This database is housed in the Program Evaluation Research Branch (PERB), Division of HIV/AIDS Prevention, in the National Center for STD, TB and HIV, at the Centers for Disease Control and Prevention, and will interface with other databases to complement PERB's evaluation efforts. By using GIS to identify gaps in service provision within a given geographic area, program changes can be recommended to those health departments and CBOs participating in the project. These recommended changes may include adjusting services provided or target populations in an effort to close identified gaps. Collaboration between government agencies and CBOs with access to a particular group at risk has been a traditional approach in public health in the United States. CDC promotes the collaboration and coordination of HIV prevention efforts between CBOs and of CBOs with State health departments, affiliates of National and Regional Minority Organizations (NRMOs), HIV prevention service agencies, and other public agencies including substance abuse programs, educational institutions and the criminal justice system. CDC promotes collaboration as a strategy for: (1) Improving access to and for at risk populations and communities; (2) improving the direct delivery of services; (3) improving referral of clients to services; and (4) creating comprehensive HIV services in designated geographical jurisdictions. The use of GIS will enhance the accomplishment of these three goals by providing information to funders and other shareholders to enhance CBOs in their efforts to provide interventions and client referrals and services that are accessible to the populations in need of them. This data will assist the CDC to determine the effectiveness of federal funding, whether the funding is affecting the designated high risk or infected groups such as disproportionately affected minorities where they live, or whether or not there are available programs to link with for more comprehensive services.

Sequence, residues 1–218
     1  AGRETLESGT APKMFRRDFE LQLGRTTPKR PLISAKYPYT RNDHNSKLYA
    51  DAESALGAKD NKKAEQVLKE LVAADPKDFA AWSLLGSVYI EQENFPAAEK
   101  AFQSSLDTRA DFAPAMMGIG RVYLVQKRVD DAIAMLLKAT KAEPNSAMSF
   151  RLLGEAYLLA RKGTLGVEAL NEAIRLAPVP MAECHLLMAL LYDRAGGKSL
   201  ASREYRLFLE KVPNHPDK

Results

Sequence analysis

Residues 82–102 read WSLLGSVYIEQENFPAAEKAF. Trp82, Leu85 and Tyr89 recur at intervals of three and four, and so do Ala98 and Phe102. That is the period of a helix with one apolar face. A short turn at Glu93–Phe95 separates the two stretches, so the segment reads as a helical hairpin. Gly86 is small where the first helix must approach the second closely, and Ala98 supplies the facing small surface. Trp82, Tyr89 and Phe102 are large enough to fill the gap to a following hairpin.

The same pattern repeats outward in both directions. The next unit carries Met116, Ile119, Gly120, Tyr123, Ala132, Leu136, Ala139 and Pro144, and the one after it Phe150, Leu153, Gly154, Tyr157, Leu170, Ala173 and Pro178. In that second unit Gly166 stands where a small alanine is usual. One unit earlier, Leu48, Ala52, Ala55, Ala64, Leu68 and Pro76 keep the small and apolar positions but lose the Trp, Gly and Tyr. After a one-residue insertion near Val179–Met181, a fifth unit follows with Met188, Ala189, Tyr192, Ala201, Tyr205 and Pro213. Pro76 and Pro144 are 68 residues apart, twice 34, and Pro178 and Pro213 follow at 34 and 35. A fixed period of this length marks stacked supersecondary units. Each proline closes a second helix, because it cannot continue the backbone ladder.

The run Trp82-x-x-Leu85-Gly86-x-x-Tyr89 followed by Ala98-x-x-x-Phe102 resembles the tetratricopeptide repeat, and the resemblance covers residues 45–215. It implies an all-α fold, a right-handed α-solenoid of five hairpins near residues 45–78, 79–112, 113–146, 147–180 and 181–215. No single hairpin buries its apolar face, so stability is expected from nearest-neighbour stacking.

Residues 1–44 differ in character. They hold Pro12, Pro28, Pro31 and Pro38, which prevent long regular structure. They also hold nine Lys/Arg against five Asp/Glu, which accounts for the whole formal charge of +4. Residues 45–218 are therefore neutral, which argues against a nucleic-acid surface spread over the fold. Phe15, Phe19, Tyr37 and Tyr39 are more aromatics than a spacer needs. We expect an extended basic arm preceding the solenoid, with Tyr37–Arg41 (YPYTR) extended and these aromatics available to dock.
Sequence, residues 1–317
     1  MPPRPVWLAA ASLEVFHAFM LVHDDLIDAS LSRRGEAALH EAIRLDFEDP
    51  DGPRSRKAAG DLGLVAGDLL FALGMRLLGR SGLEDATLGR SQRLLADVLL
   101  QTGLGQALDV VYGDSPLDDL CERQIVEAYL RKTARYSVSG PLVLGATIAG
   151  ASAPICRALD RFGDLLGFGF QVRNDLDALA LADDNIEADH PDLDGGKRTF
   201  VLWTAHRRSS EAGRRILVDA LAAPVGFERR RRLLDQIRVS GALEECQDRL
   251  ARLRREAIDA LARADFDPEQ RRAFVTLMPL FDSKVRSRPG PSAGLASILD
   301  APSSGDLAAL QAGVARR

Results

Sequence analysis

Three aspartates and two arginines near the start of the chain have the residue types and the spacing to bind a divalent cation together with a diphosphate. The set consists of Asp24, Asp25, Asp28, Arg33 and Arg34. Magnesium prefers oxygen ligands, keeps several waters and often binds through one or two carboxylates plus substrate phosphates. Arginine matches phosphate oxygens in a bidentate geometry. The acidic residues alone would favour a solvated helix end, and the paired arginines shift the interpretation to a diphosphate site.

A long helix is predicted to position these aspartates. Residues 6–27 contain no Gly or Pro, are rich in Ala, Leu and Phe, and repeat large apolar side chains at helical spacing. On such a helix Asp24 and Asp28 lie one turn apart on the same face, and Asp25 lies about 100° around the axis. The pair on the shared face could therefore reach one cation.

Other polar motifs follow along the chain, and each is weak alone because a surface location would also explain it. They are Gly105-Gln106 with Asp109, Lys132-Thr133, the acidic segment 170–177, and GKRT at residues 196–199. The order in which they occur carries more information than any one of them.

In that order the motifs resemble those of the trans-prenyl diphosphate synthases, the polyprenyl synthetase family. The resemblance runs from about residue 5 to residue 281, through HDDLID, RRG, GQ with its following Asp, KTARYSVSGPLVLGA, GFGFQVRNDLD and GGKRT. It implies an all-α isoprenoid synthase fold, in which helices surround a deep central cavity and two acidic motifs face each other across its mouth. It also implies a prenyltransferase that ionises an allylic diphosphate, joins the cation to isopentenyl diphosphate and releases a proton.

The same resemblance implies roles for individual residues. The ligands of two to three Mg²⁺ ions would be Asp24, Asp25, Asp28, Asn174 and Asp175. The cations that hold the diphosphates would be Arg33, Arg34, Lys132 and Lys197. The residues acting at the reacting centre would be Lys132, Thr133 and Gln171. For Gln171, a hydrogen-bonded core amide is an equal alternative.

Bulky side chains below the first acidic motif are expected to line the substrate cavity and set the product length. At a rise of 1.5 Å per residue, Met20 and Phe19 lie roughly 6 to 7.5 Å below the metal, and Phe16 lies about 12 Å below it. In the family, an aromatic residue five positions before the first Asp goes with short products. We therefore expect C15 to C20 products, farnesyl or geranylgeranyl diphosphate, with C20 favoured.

The project will use appropriate technology to minimize respondent burden. A self-report questionnaire, three pages in length, will be mailed. Attached, will be two maps of the geographical area (city and surrounding metropolitan area) where each CBO is located. The use of maps eliminates the need to locate maps to respond to questions concerning location and distance. This project will not be requesting information of a sensitive nature. The project deals with the types of interventions offered to high risk or HIV positive individuals, location and access. The CDC anticipates one person per CBO (total # of approximately 2000) to complete the data collection form once during the 2000 for approximately 30 minutes.

Therefore, the total response burden is estimated at 1,000 hours (2000 × .5 × 1). The total cost to respondents is estimated at $17,000 assuming a working wage for assigned CBO personnel of $17.00 per hour. There are no costs to respondents for participation in the study other than the time (.5 hours) it takes to complete the questionnaire. There is no cost to respondents. Start Printed Page 76408

RespondentsNo. of respondentsNo. of responses/respondentAvg. burden/response (in hours)Total burden (in hours)
GIS Questionnaire for Directly and Indirectly Funded2,000130/601,000
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Dated: December 6, 2002.

Nancy E. Cheal,

Acting Associate Director for Policy, Planning and Evaluation, Centers for Disease Control and Prevention.

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[FR Doc. 02-31388 Filed 12-11-02; 8:45 am]